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Mara Wilson on why cults like Nxivm prey on child stars — like her former friend Allison Mack

Mara Wilson can see how Allison Mack got wrapped up in Nxivm. Wilson, a ’90s child star who was featured in hits like Matilda, Mrs. Doubtfire, and Miracle on 34th Street, penned an essay for Elle explaining why child actors — like herself and Mack — make for ideal cult targets.

Mara Wilson, left, and Allison Mack. (Photo: Getty Images)

Child actors “make great acolytes,” writes Wilson. “It’s hard to be an actor and not be spiritual, or to get vulnerable.”

Mack is best known for her starring role in Smallville, but is more synonymous nowadays for her alleged involvement in NXIVM’s secret sex cult. Wilson knew Mack during their early days in Hollywood, writing that they “were never close friends” but “moved in the same circles.”

“We were both child actors in L.A. in the late ’90s and early 2000s, and we both loved to do volunteer work,” Wilson reveals. “We first met at a charity event when I was about 10, and I liked her immediately.”

They hosted a Christmas party at a facility for young girls who had been sexually abused — the dark irony of which is not lost on Wilson now. Mack has been charged with sex trafficking, sex trafficking conspiracy, and conspiracy to commit forced labor. Mack is accused of branding women with her and Nxivm leader Keith Raniere’s initials and has been accused of directing her “slaves” to engage in sexual acts with Raniere.

That’s not the person Wilson remembers: “[Allison] was warm and friendly, with a sincere, winsome smile. I would see her around a few more times after that, but from then on, I mostly saw her on TV. … When she became a series regular on Smallville, I was genuinely happy for her. Couldn’t happen to a nicer girl, I thought.”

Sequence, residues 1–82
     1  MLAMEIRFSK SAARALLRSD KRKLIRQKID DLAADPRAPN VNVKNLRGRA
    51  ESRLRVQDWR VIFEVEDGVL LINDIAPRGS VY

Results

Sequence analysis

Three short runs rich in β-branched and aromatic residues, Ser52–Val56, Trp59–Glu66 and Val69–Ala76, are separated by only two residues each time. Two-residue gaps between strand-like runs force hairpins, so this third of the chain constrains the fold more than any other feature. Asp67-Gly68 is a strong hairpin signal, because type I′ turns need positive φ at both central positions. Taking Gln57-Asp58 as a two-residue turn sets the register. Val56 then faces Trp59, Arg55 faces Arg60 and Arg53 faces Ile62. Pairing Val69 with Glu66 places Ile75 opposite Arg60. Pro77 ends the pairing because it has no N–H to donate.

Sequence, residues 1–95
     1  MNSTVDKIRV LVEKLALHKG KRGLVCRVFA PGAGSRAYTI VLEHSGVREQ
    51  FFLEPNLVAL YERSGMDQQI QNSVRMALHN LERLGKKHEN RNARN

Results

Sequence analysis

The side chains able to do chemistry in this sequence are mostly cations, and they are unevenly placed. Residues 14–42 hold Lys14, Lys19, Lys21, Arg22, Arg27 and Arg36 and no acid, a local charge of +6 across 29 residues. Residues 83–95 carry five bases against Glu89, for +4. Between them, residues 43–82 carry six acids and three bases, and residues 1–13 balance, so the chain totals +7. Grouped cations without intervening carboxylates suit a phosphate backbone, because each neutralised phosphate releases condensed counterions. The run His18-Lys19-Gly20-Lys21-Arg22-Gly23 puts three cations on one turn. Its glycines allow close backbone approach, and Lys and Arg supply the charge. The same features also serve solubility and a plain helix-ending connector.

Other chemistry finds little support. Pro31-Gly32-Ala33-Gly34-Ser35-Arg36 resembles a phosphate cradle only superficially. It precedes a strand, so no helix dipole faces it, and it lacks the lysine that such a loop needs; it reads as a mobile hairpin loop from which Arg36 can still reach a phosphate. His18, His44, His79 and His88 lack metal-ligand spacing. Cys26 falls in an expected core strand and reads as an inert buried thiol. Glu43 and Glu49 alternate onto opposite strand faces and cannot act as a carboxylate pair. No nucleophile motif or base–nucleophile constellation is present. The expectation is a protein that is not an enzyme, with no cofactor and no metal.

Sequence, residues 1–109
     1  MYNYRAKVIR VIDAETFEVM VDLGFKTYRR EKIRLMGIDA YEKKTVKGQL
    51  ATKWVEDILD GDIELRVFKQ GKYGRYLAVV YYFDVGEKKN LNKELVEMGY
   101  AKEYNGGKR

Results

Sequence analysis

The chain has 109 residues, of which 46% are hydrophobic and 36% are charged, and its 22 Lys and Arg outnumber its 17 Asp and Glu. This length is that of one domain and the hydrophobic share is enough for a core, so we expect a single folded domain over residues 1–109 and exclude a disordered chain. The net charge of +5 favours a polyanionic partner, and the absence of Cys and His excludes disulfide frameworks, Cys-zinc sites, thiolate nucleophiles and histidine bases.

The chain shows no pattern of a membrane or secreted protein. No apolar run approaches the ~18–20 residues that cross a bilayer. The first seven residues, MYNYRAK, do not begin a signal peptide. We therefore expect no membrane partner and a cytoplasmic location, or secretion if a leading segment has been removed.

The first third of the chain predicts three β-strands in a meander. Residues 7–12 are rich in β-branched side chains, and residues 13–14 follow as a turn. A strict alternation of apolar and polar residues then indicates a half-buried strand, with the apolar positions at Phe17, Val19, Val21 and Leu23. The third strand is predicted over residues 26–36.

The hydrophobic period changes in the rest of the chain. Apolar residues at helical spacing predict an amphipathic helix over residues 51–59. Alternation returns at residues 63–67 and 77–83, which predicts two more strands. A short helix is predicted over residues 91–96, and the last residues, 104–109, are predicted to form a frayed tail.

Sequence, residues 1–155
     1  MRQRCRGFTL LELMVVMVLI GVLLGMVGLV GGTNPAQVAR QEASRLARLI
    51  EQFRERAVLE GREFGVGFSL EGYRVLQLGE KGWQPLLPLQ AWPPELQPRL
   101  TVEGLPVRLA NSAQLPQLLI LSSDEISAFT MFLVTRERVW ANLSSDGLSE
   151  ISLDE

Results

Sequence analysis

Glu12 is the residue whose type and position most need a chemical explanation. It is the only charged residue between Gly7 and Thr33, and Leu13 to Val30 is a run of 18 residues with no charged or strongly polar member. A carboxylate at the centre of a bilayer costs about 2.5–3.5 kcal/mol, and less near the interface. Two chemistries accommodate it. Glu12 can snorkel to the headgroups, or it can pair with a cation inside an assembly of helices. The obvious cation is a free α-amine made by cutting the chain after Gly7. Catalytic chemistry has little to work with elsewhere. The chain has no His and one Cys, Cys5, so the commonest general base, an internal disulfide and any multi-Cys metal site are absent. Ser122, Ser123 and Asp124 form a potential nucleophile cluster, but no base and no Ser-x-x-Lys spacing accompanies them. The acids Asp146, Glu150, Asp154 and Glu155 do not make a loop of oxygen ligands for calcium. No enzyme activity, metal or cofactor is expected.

Months ago, Wilson saw the headlines that her former friend was involved in an alleged cult.

“At first, I struggled to reconcile my memory of the sweet, smiling girl with the woman who had allegedly abused other women. She had seemed so eager to help others. If she really had done all that, had I just been mistaken? Had I ever really known her?” Wilson writes. “It was a shock to me.”

But it wasn’t a shock that a child actor might end up in this kind of position.

“People also tend to turn to spirituality in times of uncertainty, and there is no career more uncertain than acting. … You need to have something to believe in,” she writes. “Sensitive, spiritual, soul-searching. It’s everything an organization like NXIVM could want.”

Wilson explains how traits of being a successful child actor could push one towards something like Nxivm: You are trained to be obedient and thrive in a structured environment. She remembers the struggle of acclimating back into school as a youth.

She explains, “There was too much to remember on my own, too many choices to make, too many opportunities for failure. Even recess felt daunting. I never would have admitted it, but I missed the strict rigor of a film set. Do what you’re told, and there’s no way you can fail.”

Theater school helped Wilson get the balance of both worlds, but she wonders “what I would have done if I hadn’t had that experience.”

Wilson — who has appeared on TV about a dozen times since 1999 — notes that she was recently offered a role in the controversial anti-abortion film 1973, which is currently in production: “Why were they sending this to me, I wondered?” It’s the second script centered around Christian beliefs she’s been sent recently, and both targeted former child stars.

“I sensed a pattern there. It’s not without precedent; Kirk Cameron famously became a conservative Christian after becoming disenchanted with Hollywood, and Angus T. Jones spoke out against the sins of Two and Half Men,” she writes. “But this was not the case with me.”

Wilson adds, “People expect actors who don’t act as much anymore to be lost. It’s a narrative they want to craft for us: that we are struggling and in need of guidance, that we have consciously turned away from Hollywood. If we’re struggling with mental illness and addiction, so much the better. They want to be the ones to show us the way. They want us to be their success story.

“Allison spent ten years on the set of Smallville. She was a recognizable face, with a steady fan base. She was probably used to being surrounded by a cast and crew that must have come to feel like family, for ten years. Perhaps, like me, she craved structure, validation, and to feel like she was a part of something. It in no way excuses what she has allegedly done, but it might explain it.”

Wilson concludes by declaring: “This is not to say I feel empathy for [Allison.]”

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